The Incomplete Cross?!

Posted on June 16, 2008. Filed under: Personal Growth and Freedom | Tags: , , , , , , , , , |

“Guilt is a real experience of life.  But when it remains as just guilt it is compounded by each self-serving effort of irreverence, pride, fear, dismissal of the moral, or the claim of innocence.  Only in the admission of sin is there genuine restoration, because guilt is first a vertical problem before it is a horizontal one.  God is the one who has been violated before humanity has been wronged.  That is why God has the ultimate prerogative to forgive.”


From Cries of the Heart

By Ravi Zacharias



While there is many jewels of insight that can be taken from Ravi Zacharias’ book Cries of the Heart, this one simple paragraph quite simply packs the greatest punch in terms of the human condition.


Specifically, it is humanity’s desire to address the horizontal issues of morality while discounting and even ignoring the spiritual elements of right and wrong that poses the greatest threat to true justice, and ultimately salvation.


This vertical disconnect, which fails to even recognize let alone humbly acknowledge and yield to God’s divine wisdom and authority is what can be referred to as the incomplete cross.


For when the moral aptitude of humanity is the basis for our definition of justice, we forego the eternal and infallible wisdom of our Creator and replace it with a divining rod of popular opinion and mass appeal.


One such example is that not so long ago, at least in our collective consciousness, slavery was both legally and socially acceptable in certain societies.  How about the death penalty, which continues to be subject to the vagaries of human nature, vacillating between an “eye for an eye” mentality and an “all life is precious” sentiment.  Since both sides contain elements of biblical principle who is right and who is wrong?  Even proponents of slavery had pointed to the bible as the basis for justifying their actions, perhaps referencing Ephesians 6:5 or Colossians 3:22.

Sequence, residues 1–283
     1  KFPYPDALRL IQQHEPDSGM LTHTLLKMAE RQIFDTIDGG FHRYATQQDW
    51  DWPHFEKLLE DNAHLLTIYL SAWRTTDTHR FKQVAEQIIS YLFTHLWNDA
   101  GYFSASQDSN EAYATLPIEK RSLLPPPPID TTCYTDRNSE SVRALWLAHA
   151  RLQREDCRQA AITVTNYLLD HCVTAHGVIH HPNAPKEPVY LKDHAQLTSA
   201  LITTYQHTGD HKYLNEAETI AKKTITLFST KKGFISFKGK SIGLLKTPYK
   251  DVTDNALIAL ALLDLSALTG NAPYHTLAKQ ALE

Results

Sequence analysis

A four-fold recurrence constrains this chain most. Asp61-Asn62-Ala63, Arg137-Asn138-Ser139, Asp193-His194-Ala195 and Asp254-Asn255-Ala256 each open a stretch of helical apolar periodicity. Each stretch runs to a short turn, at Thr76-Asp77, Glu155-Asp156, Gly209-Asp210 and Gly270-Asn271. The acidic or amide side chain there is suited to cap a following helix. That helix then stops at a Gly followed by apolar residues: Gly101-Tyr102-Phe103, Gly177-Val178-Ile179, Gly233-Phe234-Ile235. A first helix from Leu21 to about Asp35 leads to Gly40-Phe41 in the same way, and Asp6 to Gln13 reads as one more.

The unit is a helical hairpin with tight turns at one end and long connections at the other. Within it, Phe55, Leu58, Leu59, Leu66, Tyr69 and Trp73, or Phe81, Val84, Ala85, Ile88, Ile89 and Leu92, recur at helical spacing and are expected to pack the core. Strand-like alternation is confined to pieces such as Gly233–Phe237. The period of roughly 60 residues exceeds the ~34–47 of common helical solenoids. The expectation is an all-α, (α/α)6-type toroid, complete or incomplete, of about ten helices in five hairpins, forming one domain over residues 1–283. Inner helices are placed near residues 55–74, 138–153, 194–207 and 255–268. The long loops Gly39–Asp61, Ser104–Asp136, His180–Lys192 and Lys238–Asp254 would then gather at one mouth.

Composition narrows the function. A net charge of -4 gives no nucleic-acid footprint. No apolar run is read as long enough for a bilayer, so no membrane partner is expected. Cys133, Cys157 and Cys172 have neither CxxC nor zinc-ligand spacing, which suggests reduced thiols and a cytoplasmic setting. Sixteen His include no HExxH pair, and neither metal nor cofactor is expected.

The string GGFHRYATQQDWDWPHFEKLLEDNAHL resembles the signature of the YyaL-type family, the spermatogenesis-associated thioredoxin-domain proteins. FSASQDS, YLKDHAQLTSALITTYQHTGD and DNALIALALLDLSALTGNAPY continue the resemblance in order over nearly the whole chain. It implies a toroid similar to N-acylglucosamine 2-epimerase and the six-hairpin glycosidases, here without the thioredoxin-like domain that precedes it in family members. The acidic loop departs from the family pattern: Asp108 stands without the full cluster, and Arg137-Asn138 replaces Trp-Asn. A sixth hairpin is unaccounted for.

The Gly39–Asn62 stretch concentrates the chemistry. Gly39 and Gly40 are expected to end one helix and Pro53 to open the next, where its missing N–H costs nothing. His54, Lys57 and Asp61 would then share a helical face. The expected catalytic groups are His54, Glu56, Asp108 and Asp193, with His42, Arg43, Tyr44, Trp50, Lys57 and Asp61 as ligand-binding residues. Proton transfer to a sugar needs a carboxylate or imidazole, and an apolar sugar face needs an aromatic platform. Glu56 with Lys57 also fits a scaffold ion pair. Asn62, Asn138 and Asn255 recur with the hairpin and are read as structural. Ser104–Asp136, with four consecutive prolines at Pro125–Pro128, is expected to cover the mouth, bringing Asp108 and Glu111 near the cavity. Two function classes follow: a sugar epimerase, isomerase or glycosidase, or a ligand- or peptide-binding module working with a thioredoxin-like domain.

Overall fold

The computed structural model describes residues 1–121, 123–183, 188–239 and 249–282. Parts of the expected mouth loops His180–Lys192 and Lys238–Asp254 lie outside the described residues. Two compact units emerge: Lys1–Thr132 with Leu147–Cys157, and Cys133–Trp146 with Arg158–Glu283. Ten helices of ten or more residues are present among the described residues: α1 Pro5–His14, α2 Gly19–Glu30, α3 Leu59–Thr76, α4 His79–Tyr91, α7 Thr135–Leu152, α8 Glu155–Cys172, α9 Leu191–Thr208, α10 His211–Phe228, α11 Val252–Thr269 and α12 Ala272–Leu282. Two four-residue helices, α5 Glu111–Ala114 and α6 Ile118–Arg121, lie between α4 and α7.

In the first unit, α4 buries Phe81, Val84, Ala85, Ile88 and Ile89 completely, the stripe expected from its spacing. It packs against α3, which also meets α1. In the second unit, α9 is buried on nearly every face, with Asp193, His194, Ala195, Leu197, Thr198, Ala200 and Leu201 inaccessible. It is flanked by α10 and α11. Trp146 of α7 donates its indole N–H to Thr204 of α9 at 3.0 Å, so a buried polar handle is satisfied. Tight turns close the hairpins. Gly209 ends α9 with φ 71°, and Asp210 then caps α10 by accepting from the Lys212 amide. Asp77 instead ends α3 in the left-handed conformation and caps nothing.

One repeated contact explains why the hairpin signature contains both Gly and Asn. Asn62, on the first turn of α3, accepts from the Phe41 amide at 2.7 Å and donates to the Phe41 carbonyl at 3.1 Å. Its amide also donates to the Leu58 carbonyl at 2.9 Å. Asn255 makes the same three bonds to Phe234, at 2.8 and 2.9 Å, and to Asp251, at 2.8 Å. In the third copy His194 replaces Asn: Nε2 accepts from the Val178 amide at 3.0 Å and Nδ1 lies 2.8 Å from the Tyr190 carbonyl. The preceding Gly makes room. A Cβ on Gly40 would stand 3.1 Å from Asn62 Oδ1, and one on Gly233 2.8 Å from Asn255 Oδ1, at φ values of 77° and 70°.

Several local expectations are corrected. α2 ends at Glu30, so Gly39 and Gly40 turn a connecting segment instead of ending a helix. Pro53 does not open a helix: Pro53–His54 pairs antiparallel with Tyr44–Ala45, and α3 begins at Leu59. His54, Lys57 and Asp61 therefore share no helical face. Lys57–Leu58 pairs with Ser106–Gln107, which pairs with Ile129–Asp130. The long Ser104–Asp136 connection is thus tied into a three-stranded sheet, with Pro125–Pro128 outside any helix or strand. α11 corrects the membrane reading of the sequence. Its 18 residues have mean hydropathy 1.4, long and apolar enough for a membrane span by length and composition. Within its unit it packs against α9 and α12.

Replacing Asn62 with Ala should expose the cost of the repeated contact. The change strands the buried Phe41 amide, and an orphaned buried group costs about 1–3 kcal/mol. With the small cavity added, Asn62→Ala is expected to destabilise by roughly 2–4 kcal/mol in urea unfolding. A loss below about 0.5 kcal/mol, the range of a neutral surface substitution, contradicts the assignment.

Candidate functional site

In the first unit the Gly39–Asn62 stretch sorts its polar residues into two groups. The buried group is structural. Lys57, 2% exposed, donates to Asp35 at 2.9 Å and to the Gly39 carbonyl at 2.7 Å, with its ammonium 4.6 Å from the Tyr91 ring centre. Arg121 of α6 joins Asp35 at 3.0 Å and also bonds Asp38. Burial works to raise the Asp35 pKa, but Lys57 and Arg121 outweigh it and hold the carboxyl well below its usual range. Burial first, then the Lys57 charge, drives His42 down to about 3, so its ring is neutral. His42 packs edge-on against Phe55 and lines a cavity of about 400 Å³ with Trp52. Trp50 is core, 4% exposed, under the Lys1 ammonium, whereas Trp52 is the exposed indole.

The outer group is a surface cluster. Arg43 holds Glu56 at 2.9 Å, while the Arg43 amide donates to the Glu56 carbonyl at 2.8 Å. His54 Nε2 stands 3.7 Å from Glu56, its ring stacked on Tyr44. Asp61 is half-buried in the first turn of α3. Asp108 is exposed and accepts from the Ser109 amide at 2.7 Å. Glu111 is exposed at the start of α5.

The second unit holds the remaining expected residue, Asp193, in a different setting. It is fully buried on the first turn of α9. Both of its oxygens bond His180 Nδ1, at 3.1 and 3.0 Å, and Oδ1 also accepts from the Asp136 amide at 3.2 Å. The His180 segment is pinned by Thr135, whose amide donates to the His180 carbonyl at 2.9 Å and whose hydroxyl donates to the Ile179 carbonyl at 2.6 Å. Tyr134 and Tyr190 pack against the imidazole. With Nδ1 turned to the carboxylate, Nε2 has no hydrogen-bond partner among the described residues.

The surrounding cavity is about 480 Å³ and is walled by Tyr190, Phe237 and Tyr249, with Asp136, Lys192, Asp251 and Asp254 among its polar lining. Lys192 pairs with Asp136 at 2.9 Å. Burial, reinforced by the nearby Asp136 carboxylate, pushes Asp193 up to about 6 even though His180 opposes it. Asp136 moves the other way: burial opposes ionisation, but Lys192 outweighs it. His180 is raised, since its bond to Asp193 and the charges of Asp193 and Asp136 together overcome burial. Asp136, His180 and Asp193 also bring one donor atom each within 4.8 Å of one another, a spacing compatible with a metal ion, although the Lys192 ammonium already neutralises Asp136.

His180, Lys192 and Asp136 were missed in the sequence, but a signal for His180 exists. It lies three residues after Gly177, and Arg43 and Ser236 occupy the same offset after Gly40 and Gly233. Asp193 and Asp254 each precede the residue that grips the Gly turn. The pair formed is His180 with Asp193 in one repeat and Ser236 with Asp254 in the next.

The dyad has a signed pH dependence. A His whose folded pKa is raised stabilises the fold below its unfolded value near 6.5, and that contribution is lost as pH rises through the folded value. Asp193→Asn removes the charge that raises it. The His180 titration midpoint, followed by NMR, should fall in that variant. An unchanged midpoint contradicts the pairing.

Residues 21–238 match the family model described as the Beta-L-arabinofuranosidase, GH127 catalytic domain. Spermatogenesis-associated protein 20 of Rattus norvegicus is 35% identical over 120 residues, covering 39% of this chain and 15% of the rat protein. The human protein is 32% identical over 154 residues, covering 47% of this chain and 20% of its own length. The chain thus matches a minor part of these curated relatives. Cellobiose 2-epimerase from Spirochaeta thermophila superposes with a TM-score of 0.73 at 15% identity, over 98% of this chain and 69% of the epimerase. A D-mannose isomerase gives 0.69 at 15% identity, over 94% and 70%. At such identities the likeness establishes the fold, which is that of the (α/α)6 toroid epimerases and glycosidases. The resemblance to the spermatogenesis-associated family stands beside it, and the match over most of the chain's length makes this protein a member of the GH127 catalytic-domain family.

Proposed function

Herein of course lies the danger and ultimate ineffectiveness of overriding the spiritual conscience that God gave to all humanity, and choosing instead to rely upon an incomplete or distorted picture of the human heart and its motives.  As a result, we become blind to the immutable laws of sin and forgiveness and a true understanding of the transformation from condemnation to grace.


The Mystery of Lawlessness


“For the mystery of lawlessness is already at work; only He who now restrains will do so until He is taken out of the way.”


2 Thessalonians 2:7 (NASB)


Thessalonians, and in particular Chapter 2, paints an interesting picture in that while it cautions the reader regarding the appearance of the antichrist, it also refers to the “deception of wickedness for those who perish, because they did not receive the love of the truth so as to be saved.”


The above reference to scripture is not intended to deliver a fire and brimstone dissertation associated with the final days foretold in the bible (that is a discussion for another day).  It is instead intended to demonstrate the vulnerability of an unrepentant heart in terms of being deceived.


For it is only through God’s grace, in which we recognize the vertical nature and relationship of the cross that our eyes are opened to actual truth and righteousness.  All human efforts outside of the miracle of the cross separates us from God’s grace and subjects one to what Thessalonians 2:11 (NASB)  called the “deluding influence, so that they will believe what is false.”